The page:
layer. Channels with gradient are turned by 180°. When handling channels with gradient the pallet is turned by a turntable by 180° after each layer. For many formats the robot deposits the top layer with the opening downwards, so that in a further step the finished packs can
be strapped. Differences in height are also recognized by the robot and are compensated during stacking. Depending on the format, the shipping packs consist of up to 7 layers. As soon as the pack has been ready stacked, it is transported from the turntable to the
following chain conveyor..
The second 6-axis robot performs two jobs: Positioning empty pallets on the turntable and placing wooden strips between each layer. Outside the hall the empty pallets are set down on a chain conveyor in stacks. The stacks move forward in cycles and are taken over by a
Supply of empty pallets and wooden intermediate strips
second chain conveyor. The robot picks-up the pallets on the long side and transfers them to the stacking position (turntable). The pallets are adjusted in both directions when taking them up. Wooden strips are inserted between each stacked layer. This is also done by the second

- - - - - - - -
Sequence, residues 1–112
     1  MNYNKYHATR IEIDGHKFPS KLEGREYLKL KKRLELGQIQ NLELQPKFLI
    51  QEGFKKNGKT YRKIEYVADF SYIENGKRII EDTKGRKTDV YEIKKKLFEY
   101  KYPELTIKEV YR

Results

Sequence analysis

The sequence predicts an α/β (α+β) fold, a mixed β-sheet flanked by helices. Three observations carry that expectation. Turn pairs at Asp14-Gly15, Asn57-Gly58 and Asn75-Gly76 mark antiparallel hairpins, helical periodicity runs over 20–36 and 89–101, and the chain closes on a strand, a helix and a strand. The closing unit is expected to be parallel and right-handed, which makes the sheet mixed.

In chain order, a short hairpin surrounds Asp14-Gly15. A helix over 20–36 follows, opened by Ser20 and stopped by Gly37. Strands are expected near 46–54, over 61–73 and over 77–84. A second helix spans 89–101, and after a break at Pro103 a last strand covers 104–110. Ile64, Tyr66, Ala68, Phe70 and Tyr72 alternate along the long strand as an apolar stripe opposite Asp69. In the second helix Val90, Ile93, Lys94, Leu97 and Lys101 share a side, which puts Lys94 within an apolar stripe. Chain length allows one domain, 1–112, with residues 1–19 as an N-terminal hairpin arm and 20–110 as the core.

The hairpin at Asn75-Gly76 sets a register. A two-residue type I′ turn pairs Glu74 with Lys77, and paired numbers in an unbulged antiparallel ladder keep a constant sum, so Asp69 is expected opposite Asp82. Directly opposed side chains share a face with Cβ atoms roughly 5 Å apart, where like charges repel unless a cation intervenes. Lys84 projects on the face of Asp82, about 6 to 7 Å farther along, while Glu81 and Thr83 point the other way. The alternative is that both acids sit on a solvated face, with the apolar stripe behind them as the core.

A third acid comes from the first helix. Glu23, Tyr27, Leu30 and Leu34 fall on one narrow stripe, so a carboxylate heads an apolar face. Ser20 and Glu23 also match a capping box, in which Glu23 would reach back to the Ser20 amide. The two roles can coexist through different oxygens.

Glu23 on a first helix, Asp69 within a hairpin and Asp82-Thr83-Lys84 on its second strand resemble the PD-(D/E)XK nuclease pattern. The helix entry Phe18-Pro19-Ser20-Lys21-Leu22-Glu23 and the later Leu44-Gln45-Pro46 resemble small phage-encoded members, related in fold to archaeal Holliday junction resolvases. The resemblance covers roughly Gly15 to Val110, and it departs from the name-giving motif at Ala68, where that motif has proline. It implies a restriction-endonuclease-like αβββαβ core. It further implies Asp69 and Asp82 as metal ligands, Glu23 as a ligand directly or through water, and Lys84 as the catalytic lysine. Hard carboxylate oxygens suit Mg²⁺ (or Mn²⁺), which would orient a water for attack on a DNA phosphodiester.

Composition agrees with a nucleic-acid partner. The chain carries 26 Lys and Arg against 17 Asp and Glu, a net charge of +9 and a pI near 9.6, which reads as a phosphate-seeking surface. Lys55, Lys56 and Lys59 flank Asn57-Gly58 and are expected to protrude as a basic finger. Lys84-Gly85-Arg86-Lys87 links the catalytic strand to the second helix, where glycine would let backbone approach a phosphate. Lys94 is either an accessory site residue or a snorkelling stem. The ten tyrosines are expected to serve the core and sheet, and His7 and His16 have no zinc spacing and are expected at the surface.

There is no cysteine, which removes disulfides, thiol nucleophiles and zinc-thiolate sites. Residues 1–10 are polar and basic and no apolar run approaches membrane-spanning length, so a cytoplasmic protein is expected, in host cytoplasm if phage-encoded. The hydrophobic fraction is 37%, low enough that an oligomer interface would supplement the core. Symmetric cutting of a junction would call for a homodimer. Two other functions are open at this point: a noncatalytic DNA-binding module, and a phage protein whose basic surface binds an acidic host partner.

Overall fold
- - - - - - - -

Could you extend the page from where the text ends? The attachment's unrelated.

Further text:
robot. The robot gripper is equipped with 4 row suction devices which can be controlled separately. 2 strips are transferred when handling channels with a length of up to 1,000 mm and 4 strips when handling channels with a length of up to 500 mm. During the transfer
process the robot checks whether all required strips are available in the gripper.
On a chain conveyor the stacked packs are conveyed to the strapping equipment. Before strapping the pack is passed to a further chain conveyor, which is located on a carriage. The chain conveyor on the carriage can be turned (longitudinal or transverse strapping). Now the pack either moves into the strapping equipment without being turned before or the pack is turned, strapped and turned back. The strapped packs are finally transferred to a second identical carriage. This carriage moves to two magazine chains, is turned by
Strapping and pack transport
90° and delivers the packs. The used pallets (Euro pallets, one-way pallets) are always transported in longitudinal direction. At the end of the chain conveyors the dispatch packs are removed by a fork lift truck for intermediate storage.